Size and fit

The New Balance 300, being a retro shoe, basically has the same average fit as the original version of the shoe. Its easy lace-up closure allows the wearer to adjust the shoe in a comfortable fit. It is offered in both men’s and women’s sizing.

New Balance 300 Style

A court classic from New Balance, the NB 300 was originally designed as a performance shoe for tennis. It was then retroed and is now being used as well for more casual use. The shoe showcases versatility when it comes to style. It can go perfectly well with various outfit picks. The shoe is great for a semi-formal use or as a street style look complement.

One can have the shoe for everyday use as well. It looks great with a dress, skirts, shorts, skinny jeans, or boyfriend jeans for women. As for the men’s style, the shoe goes well with a pair of regular cut jeans, slim-fit jeans, cuffed jeans, skinny jeans, jogger jeans, and shorts.

Notable Features

The lightweight feeling provided by the New Balance 300 is what most buyers gush about when they purchased the shoe. They loved how the shoe felt so light when they wear it and go around walking.

Most also loved how it felt comfortable on the foot as well. The stylish look of the shoe also gave satisfaction to several buyers as they loved how the shoe can easily go well with whatever attire they pick.

New Balance 300 History

The New Balance Court 300 was released back in 1979 and it was one of the first tennis shoes for New Balance. It was the performance tennis shoe selection for Roy Emerson and Virginia Wade during that time.

The Court 300 was focused on offering a good fit, stability, durability, and comfort instead of focusing on providing a good outsole grip. The look of the shoe was different back then as it showcased a distinctive combination of polyurethane midsole and a rubber outsole that provided durability and great cushioning.

The shoe was also worn by Bob Green, 1984 ATP Rookie of the Year, then during the 1990s by Luke and Murphy Jensen, French Open doubles champions, and by Kelly Jones, a top-ranked doubles tennis player.

In 2014, the New Balance 300 silhouette was retroed and was given a make-over in the brand’s factory in Flimby, UK. The brand’s REVlite technology for midsole cushioning and a more lightweight upper construction along with a cushioned footbed, rubber outsole, and a padded collar were used for the retro version.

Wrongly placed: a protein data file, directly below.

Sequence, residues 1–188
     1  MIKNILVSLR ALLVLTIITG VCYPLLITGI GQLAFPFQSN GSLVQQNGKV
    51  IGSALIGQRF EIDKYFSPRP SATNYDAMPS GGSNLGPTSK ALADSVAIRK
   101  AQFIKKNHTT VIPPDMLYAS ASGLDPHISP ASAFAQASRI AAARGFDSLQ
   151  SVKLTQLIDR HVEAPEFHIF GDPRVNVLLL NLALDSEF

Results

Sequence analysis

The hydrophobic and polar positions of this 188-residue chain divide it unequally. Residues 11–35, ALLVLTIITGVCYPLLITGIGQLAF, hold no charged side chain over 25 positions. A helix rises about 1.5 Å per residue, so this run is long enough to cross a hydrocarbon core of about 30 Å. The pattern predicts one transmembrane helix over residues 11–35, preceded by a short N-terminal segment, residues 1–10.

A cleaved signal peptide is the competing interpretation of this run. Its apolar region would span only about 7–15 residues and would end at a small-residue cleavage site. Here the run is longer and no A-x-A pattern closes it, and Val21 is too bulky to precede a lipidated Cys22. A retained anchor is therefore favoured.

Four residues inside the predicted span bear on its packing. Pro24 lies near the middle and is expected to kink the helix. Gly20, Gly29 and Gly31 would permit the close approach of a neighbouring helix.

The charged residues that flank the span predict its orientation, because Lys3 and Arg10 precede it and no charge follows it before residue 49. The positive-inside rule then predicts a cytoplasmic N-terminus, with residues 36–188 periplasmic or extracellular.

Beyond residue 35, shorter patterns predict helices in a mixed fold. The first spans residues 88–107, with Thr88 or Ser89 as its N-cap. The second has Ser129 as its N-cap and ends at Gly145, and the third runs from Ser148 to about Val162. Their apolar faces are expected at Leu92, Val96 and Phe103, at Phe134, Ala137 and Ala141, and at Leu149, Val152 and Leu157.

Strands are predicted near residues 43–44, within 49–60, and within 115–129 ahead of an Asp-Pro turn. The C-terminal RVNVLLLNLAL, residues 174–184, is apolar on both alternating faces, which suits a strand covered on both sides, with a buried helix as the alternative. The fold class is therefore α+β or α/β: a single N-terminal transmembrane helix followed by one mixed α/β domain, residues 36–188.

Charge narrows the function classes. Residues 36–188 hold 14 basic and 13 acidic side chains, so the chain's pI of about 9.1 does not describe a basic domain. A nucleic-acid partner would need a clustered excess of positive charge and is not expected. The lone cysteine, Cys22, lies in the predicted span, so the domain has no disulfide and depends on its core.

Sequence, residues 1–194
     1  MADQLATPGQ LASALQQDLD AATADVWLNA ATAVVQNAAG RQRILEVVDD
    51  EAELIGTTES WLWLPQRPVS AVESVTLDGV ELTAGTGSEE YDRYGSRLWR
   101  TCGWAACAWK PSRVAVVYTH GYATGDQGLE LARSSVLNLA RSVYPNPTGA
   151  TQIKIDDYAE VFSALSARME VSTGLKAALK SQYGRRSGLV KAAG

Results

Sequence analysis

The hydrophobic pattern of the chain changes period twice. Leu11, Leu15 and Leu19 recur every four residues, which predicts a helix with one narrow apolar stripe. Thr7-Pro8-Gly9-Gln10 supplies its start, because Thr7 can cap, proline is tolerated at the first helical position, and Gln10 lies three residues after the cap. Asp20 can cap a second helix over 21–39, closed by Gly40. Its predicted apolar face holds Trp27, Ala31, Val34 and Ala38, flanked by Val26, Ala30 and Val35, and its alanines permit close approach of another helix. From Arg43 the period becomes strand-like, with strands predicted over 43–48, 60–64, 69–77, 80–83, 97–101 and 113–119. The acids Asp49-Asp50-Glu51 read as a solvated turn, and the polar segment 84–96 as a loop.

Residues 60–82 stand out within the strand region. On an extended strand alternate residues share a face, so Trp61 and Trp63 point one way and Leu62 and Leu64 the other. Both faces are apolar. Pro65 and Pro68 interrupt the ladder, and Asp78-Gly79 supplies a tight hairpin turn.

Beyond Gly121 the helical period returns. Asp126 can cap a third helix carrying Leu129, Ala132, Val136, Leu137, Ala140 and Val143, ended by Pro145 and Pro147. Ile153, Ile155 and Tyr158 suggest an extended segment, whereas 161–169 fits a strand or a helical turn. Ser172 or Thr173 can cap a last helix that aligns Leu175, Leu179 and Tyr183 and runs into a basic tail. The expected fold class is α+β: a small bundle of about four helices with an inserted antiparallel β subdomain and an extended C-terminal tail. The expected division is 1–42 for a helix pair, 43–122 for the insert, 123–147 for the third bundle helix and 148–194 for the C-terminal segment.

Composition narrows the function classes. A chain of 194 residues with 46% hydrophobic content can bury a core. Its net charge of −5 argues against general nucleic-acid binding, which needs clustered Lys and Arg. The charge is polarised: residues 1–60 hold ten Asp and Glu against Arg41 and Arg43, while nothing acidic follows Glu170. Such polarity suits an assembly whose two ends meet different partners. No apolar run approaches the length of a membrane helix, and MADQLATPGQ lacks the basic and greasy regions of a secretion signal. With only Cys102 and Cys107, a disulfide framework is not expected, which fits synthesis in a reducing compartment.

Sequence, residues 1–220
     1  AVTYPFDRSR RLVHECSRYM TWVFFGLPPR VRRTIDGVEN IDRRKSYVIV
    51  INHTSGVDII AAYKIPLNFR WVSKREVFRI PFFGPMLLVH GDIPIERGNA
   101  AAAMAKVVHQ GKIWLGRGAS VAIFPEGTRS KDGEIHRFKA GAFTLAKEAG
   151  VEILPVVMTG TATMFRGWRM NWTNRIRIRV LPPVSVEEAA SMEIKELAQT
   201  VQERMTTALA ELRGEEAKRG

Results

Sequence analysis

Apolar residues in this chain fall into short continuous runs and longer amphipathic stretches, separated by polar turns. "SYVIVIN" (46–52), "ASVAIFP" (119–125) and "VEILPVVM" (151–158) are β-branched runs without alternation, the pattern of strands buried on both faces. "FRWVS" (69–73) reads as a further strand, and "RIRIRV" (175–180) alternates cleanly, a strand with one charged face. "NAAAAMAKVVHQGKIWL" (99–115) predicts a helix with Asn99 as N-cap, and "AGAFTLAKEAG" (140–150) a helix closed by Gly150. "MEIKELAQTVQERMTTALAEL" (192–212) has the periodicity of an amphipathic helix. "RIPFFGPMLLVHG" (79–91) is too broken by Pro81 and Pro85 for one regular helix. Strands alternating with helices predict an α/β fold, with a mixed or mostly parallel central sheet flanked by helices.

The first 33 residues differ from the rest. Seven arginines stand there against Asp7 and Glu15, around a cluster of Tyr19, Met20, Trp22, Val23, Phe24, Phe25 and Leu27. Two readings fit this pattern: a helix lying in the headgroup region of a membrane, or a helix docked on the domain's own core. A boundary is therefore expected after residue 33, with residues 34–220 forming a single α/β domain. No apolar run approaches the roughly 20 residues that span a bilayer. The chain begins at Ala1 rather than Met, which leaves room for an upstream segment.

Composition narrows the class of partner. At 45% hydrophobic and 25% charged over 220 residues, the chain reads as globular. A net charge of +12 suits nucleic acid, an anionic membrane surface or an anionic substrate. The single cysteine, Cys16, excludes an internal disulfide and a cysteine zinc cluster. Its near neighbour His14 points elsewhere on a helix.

New Balance then teamed up with Hanon in Aberdeen, Firmament in Berlin, 24 Kilates in Barcelona, and Sneakerstuff in both Stockholm and London. The collaboration was for marking the return of the New Balance 300 and together, they introduced four exclusive versions of the classic silhouette for a limited edition release.

Another collaborative release for the New Balance 300 silhouette was the BEAUTY&YOUTH UNITED ARROWS x New Balance CRT300 in 2015. The release was for both men and women. It showcased an all-white version of the shoe model in a combination of leather and mesh. A woman exclusive version of leather in clean beige and suede with some hints of bright red was also released as a part of this collaboration.

New Balance, during a campaign for the New Balance 300, also worked with some popular people in the likes of Adrianne Ho, Idn2hk, Kevin Poon, and Jun Koo. During the campaign in South Korea, the brand also teamed up with actor, Seung-Bum Ryoo, for a photo shoot.

Some other iterations of the NB 300 were made to offer a variety of choices when grabbing a pair of these retro pair of kicks.

Additional Info

  • Depending upon the release, New Balance varies the material used in the upper.
  • The shoe may be purchased at a discounted price in some retailers.
  • The shoe approximately weighs 8.6oz.
  • Perforated detailing can be observed on the shoe.


How New Balance 300 ranks compared to all other shoes
Top 32% sneakers
All sneakers
Top 23% New Balance sneakers
All New Balance sneakers
Top 32% low sneakers
All low sneakers


The current trend of New Balance 300.
Compare to another shoe:
Danny McLoughlin
Danny McLoughlin

Danny is a sports nut with a particular interest in football and running. He loves to watch sports as much as he loves to play. Danny was lead researcher on RunRepeat and The PFA’s report into Racial Bias in Football Commentary. His football and running research has been featured in The Guardian, BBC, New York Times and Washington Post.